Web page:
“Seven millions upon Bordeaux.”

“Ah! yes; that’s right. Upon Madrid four millions. I give you to understand plainly to whom this money belongs, Bernouin, seeing that everybody has the stupidity to believe me rich in millions. I repel the silly idea. A minister, besides, has nothing of his own. Come, go on. Rentrees generales, seven millions; properties, nine millions. Have you written that, Bernouin?”

“Yes, monseigneur.”

“Bourse, six hundred thousand livres; various property, two millions. Ah! I forgot--the furniture of the different chateaux----”

“Must I put of the crown?” asked Bernouin.

“No, no, it is of no use doing that--that is understood. Have you written that, Bernouin?”

“Yes, monseigneur.”

“And the ciphers?”

“Stand straight under one another.”

“Cast them up, Bernouin.”

“Thirty-nine millions two hundred and sixty thousand livres, monseigneur.”

“Ah!” cried the cardinal, in a tone of vexation; “there are not yet forty millions!”

Bernouin recommenced the addition.

“No, monseigneur; there want seven hundred and forty thousand livres.”

Mazarin asked for the account, and revised it carefully.

“Yes, but,” said Bernouin, “thirty-nine millions two hundred and sixty thousand livres make a good round sum.”

“Ah, Bernouin, I wish the king had it.”

“Your eminence told me that this money was his majesty’s.”

“Doubtless, as clear, as transparent as possible. These thirty-nine millions are bespoken, and much more.”

Bernouin smiled after his own fashion--that is, like a man who believes no more than he is willing to believe--whilst preparing the cardinal’s night draught, and putting his pillow to rights.

“Oh!” said Mazarin, when the valet had gone out; “not yet forty millions! I must, however, attain that sum, which I had set down for myself. But who knows whether I shall have time? I sink, I am going, I shall never reach it! And yet, who knows that I may not find two or three millions in the pockets of my good friends the Spaniards? They discovered Peru, those people did, and--what the devil! they must have something left.”

As he was speaking thus, entirely occupied with his ciphers, and thinking no more of his gout, repelled by a preoccupation which, with the cardinal, was the most powerful of all preoccupations, Bernouin rushed into the chamber, quite in a fright.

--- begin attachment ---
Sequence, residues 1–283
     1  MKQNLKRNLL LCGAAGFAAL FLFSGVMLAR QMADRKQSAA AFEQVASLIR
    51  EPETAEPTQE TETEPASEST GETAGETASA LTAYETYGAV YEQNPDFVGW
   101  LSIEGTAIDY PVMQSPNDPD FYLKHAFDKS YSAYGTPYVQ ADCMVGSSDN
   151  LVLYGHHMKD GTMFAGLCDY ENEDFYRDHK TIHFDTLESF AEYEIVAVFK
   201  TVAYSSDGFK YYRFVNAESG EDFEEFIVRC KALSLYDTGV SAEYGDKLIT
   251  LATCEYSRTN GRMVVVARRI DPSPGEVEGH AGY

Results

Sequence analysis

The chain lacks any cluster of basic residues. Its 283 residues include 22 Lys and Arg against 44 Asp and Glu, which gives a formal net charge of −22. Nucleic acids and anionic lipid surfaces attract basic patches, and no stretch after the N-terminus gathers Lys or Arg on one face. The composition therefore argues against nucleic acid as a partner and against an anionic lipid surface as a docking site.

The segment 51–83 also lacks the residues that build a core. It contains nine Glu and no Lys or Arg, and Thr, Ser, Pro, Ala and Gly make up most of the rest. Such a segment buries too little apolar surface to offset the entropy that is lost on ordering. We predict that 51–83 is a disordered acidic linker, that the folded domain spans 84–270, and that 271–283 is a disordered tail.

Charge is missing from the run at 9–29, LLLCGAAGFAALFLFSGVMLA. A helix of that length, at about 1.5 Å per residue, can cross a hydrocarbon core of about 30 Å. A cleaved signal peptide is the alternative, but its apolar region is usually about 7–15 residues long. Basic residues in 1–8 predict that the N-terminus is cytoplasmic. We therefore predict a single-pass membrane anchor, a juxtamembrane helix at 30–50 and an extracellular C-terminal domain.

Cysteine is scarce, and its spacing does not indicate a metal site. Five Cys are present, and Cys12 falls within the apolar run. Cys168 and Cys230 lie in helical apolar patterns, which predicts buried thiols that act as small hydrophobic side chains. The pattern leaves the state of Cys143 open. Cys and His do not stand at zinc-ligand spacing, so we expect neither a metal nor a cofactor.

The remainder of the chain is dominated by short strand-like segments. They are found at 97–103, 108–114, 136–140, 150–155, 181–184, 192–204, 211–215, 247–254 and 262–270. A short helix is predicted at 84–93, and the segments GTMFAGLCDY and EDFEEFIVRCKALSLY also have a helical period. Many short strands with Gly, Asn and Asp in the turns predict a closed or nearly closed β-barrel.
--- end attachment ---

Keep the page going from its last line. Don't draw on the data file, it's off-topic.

“Well!” asked the cardinal, “what is the matter now?”

“The king, monseigneur,--the king!”

“How?--the king!” said Mazarin, quickly concealing his paper. “The king here! the king at this hour! I thought he was in bed long ago. What is the matter, then?”

The king could hear these last words, and see the terrified gesture of the cardinal rising up in his bed, for he entered the chamber at that moment.

“It is nothing, monsieur le cardinal, or at least nothing which can alarm you. It is an important communication which I wish to make to your eminence to-night--that is all.”

Mazarin immediately thought of that marked attention which the king had given to his words concerning Mademoiselle de Mancini, and the communication appeared to him probably to refer to this source. He recovered his serenity then instantly, and assumed his most agreeable air, a change of countenance which inspired the king with the greatest joy; and when Louis was seated,--

“Sire,” said the cardinal, “I ought certainly to listen to your majesty standing, but the violence of my complaint----”

“No ceremony between us, my dear monsieur le cardinal,” said Louis kindly: “I am your pupil, and not the king, you know very well, and this evening in particular, as I come to you as a petitioner, as a solicitor, and one very humble, and desirous to be kindly received, too.”

Mazarin, seeing the heightened color of the king, was confirmed in his first idea; that is to say, that love thoughts were hidden under all these fine words. This time, political cunning, keen as it was, made a mistake; this color was not caused by the bashfulness of a juvenile passion, but only by the painful contraction of the royal pride.